Proskauer Rose International Practice Guide Proskauer Rose LLP | Proskauer.com
      Proskauer on International Litigation and Arbitration:
       Managing, Resolving, and Avoiding Cross-Border Business or Regulatory Disputes
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  1. Determining the law applicable to a dispute is a critical and strategic decision that affects how the case will be proven. Specifically, not all causes of action are recognized under each potentially applicable state’s laws, and the elements necessary to establish each cause of action may vary substantially. As a result, different kinds of evidence may have more or less significance in proving a case depending on what law ultimately applies. In turn, knowing what the evidence in fact is can play an important role in a party’s decision of what law to advocate.
  2. The timing of the choice of law decision is no less strategic than the substance of the decision. Ideally, a party would choose to advocate a particular state’s law once it knew the strength of the evidence in support of its case. For example, if discovery revealed insufficient evidence of any intent to commit fraud on the part of the defendant, then the plaintiff would want to advocate a state’s law that does not have this scienter element, or, may consider advocating a state’s law that bars its fraud claim but is advantageous to its other claims.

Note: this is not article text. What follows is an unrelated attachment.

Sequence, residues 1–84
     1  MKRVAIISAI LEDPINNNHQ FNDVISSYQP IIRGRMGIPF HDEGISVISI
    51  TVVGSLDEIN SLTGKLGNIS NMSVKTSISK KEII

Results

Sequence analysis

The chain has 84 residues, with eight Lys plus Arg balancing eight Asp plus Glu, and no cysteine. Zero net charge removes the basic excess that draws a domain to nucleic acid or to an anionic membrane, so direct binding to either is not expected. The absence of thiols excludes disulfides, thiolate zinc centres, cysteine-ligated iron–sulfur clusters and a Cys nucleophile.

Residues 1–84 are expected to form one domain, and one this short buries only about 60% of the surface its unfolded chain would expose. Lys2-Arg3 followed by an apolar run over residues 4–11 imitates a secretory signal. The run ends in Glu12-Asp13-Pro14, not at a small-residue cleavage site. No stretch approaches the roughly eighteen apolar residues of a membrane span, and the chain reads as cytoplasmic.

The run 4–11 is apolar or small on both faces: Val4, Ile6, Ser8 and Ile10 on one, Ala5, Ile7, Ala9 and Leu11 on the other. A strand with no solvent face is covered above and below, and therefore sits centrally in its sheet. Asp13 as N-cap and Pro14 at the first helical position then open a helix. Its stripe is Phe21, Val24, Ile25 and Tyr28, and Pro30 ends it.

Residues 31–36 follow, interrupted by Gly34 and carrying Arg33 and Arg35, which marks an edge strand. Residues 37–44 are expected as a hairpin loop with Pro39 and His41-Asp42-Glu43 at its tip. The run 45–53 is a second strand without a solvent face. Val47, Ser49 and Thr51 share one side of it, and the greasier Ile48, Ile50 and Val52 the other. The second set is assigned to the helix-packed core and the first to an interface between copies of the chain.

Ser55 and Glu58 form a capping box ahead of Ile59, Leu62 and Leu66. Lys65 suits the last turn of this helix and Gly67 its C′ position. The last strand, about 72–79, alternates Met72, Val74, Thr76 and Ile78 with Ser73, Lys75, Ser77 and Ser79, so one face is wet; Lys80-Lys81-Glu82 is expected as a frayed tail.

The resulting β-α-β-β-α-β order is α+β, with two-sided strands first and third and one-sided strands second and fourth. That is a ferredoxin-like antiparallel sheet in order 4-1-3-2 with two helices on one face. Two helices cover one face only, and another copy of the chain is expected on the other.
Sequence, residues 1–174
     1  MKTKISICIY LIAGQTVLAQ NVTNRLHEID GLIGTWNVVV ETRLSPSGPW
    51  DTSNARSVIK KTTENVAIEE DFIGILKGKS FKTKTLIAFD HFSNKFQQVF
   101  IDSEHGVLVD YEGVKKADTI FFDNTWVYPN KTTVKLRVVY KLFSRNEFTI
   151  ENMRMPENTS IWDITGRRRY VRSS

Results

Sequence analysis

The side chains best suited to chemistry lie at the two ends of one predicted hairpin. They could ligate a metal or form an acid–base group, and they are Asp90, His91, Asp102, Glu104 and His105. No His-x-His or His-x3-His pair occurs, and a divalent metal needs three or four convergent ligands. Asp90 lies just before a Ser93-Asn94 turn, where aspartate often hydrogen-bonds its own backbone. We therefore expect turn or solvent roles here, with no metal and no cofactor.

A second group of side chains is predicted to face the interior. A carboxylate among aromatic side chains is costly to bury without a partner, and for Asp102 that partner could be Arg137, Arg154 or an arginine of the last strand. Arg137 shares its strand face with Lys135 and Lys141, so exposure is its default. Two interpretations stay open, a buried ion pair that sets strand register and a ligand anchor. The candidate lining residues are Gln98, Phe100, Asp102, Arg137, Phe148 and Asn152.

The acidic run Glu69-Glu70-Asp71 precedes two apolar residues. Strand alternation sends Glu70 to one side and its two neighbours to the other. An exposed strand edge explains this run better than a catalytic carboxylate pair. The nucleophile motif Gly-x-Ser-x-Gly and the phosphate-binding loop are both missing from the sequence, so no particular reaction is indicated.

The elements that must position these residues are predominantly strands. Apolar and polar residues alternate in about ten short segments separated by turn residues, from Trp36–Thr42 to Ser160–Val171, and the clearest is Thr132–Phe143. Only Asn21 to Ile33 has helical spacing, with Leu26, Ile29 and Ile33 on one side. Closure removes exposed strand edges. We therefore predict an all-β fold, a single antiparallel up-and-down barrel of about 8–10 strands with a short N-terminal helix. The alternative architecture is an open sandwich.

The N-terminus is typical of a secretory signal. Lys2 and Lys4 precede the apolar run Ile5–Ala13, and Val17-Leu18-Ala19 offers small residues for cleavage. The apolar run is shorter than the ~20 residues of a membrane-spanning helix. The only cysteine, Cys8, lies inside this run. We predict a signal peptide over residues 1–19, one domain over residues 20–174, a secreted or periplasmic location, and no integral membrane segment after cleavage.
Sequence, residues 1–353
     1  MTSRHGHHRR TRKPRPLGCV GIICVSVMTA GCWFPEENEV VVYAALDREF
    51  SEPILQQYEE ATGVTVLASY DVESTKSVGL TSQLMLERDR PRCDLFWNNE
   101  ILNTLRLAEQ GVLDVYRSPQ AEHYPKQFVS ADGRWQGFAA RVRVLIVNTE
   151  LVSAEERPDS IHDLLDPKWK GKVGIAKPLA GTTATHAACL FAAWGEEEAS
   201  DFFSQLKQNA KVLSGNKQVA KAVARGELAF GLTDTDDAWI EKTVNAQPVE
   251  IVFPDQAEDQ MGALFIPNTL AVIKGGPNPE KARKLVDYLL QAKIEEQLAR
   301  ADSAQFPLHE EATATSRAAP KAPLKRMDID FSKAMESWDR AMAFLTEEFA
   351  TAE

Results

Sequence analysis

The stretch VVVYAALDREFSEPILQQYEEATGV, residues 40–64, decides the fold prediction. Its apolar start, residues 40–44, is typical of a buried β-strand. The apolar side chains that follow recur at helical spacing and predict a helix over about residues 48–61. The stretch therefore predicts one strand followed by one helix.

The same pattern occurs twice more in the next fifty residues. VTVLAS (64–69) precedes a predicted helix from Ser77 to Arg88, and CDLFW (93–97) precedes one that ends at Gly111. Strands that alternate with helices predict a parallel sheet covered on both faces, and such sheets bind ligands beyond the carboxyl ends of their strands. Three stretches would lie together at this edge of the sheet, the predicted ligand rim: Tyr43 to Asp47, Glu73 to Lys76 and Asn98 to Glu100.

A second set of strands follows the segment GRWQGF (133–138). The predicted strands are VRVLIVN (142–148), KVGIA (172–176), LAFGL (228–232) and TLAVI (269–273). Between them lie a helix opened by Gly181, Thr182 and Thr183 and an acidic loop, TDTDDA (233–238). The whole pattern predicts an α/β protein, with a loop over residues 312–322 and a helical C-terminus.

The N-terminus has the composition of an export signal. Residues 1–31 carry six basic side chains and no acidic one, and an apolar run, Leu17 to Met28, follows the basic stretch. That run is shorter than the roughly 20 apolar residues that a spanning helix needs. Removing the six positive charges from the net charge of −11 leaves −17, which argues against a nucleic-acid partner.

3. On the other hand, it is difficult to argue dispositive motions without assuming a position on applicable law. For example, whether a party is bound by a contract, whether a claim is precluded, or whether the elements of a claim have been sufficiently stated, are matters proper for summary disposition but which depend on what law applies. Delaying the decision on what law applies may also increase the costs and burdens of litigation; research and briefing will continue to include multiple states’ laws and the varied outcomes under each.
  4. Yet another factor in the mix is the choice of law rules the court will employ. The analysis is different across the circuits, with greater and lesser degrees of predictability across the board. A party that has determined what substantive law is most advantageous must further assess the likelihood of the court selecting that law under the applicable choice of law rules.
  5. A party is thus well advised to familiarize itself early on with both the substance of the potentially applicable laws, and the court’s choice of law rules.
  6. Different choice of law rules are applied across the circuits. These are not all canvassed here. Instead, to understand the practical effects of choice of law issues, we will use as our “case study” a recent case we handled representing a French plaintiff bringing suit on breach of contract, fraud and tort claims in a U.S. court applying Ninth Circuit choice of law rules.

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